Mda said the manner in which police are handing Fusi Nomo’s death is an indication of how a number of suspects could have died in the hands of police. “Police brutality has always been a problem within the ranks of LMPS. However, it was not officially sanctioned from the top. However, during 2017 after Prime Minister Thabane took office on diverse occasions at a rally, in an interview with the national television and in parliament he said police should beat thieves or suspects of crime.
“No doubt these statements had an enormous impact on the psyche of police which were already prone to such excesses,” Mda said. He added: “There has been so many violations of suspects while in police custody throughout the country; some have resulted in deaths of suspects. The number of such homicides presently stands at 72 deaths.
“What is alarming and raises serious concern is that the Commissioner of Police and the LDF Commander have never addressed the issue of gruesome murders and torture of suspects in custody.” This is despite a number of court judgments against police brutality. Mda noted that the High Court in 2019 outlined guidelines on how LMPS, prosecutors and magistrates should deal with suspects yet the guidelines have not managed to address the problem because police continue to torture suspects.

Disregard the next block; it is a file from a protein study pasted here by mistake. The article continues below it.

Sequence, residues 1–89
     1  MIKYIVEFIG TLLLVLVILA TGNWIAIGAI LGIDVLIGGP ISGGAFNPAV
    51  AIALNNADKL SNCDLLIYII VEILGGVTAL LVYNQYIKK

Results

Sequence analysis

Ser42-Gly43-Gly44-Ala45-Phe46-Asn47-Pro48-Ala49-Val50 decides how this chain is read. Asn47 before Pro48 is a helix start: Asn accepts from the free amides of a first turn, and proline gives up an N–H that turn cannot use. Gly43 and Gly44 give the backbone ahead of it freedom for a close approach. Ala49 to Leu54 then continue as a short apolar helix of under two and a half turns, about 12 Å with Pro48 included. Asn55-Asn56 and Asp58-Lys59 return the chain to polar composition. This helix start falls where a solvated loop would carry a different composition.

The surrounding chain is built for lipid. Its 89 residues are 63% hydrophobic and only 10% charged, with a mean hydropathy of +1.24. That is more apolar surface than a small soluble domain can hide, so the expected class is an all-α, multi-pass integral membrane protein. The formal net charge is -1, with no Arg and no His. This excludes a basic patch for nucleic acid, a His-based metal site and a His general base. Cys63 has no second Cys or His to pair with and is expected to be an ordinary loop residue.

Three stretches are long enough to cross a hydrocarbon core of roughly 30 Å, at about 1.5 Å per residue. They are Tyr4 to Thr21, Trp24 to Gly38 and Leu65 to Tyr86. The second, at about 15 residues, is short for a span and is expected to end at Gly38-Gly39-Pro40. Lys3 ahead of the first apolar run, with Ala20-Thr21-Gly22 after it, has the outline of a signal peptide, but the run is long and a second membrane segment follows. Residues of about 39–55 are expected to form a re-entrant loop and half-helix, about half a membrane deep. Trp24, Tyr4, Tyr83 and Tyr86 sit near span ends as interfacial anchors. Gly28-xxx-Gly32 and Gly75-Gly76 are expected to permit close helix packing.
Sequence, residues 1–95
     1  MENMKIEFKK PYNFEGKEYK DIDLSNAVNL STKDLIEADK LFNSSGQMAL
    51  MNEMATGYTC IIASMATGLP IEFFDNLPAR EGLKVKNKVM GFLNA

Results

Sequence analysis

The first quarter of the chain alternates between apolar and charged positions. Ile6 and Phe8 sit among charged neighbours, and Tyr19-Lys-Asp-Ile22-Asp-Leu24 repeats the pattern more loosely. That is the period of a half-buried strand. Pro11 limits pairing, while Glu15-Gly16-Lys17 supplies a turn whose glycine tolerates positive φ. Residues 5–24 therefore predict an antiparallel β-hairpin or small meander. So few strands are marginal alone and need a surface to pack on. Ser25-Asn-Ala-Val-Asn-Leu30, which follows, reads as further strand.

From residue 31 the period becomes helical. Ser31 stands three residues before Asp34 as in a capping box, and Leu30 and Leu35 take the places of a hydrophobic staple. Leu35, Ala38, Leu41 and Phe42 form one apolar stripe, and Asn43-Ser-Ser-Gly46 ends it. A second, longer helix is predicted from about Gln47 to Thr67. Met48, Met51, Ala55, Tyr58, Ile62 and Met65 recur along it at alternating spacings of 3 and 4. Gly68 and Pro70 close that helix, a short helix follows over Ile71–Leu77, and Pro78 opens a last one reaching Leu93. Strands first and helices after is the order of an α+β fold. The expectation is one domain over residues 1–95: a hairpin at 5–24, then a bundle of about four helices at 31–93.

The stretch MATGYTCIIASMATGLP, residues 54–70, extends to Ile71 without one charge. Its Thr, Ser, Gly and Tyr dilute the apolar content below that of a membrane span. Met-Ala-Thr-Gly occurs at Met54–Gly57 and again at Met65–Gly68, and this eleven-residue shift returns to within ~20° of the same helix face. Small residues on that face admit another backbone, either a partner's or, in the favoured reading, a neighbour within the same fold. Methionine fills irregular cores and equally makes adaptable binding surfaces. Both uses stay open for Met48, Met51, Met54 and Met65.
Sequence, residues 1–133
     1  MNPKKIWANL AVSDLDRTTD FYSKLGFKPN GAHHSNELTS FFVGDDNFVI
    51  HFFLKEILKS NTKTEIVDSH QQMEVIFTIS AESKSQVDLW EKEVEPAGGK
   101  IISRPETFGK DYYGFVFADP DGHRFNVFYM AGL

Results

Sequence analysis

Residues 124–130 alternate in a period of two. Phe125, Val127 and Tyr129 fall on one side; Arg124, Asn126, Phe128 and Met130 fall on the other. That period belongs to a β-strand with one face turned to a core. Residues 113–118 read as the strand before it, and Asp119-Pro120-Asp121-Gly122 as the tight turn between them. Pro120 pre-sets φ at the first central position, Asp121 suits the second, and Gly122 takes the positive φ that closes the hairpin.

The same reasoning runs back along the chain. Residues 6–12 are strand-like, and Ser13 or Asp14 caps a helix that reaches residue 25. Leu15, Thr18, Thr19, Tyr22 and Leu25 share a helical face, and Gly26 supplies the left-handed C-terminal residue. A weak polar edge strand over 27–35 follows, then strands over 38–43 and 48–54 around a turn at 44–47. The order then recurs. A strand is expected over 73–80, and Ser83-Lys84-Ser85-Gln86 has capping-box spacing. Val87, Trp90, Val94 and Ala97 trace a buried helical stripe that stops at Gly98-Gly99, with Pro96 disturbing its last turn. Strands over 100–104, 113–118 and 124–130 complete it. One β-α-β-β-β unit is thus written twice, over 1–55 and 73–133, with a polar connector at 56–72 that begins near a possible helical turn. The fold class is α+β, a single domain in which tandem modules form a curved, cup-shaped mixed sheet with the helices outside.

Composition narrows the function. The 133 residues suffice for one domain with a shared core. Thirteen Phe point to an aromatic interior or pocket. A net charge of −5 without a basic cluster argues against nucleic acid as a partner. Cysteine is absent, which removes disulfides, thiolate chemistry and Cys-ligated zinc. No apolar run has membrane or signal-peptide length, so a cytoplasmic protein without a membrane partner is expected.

“On numerous occasions suspects have appeared before the magistrates showing signs of torture but were sent back to their police torturers. At least I have seen the same thing done by Honourable judges.” This, Mda said, is an indication that LMPS and LDF do not acknowledge their obligation to uphold the rule of law and that the police boss and LDF Commander have not shown a will to hold members accountable.
“It is the duty of government to protect all citizens whether detained or not against any violations of their human rights as enshrined in the Constitution of Lesotho. It is clear from the foregoing that government has not acquitted itself well in this respect,” he said. Government is yet to respond to court papers.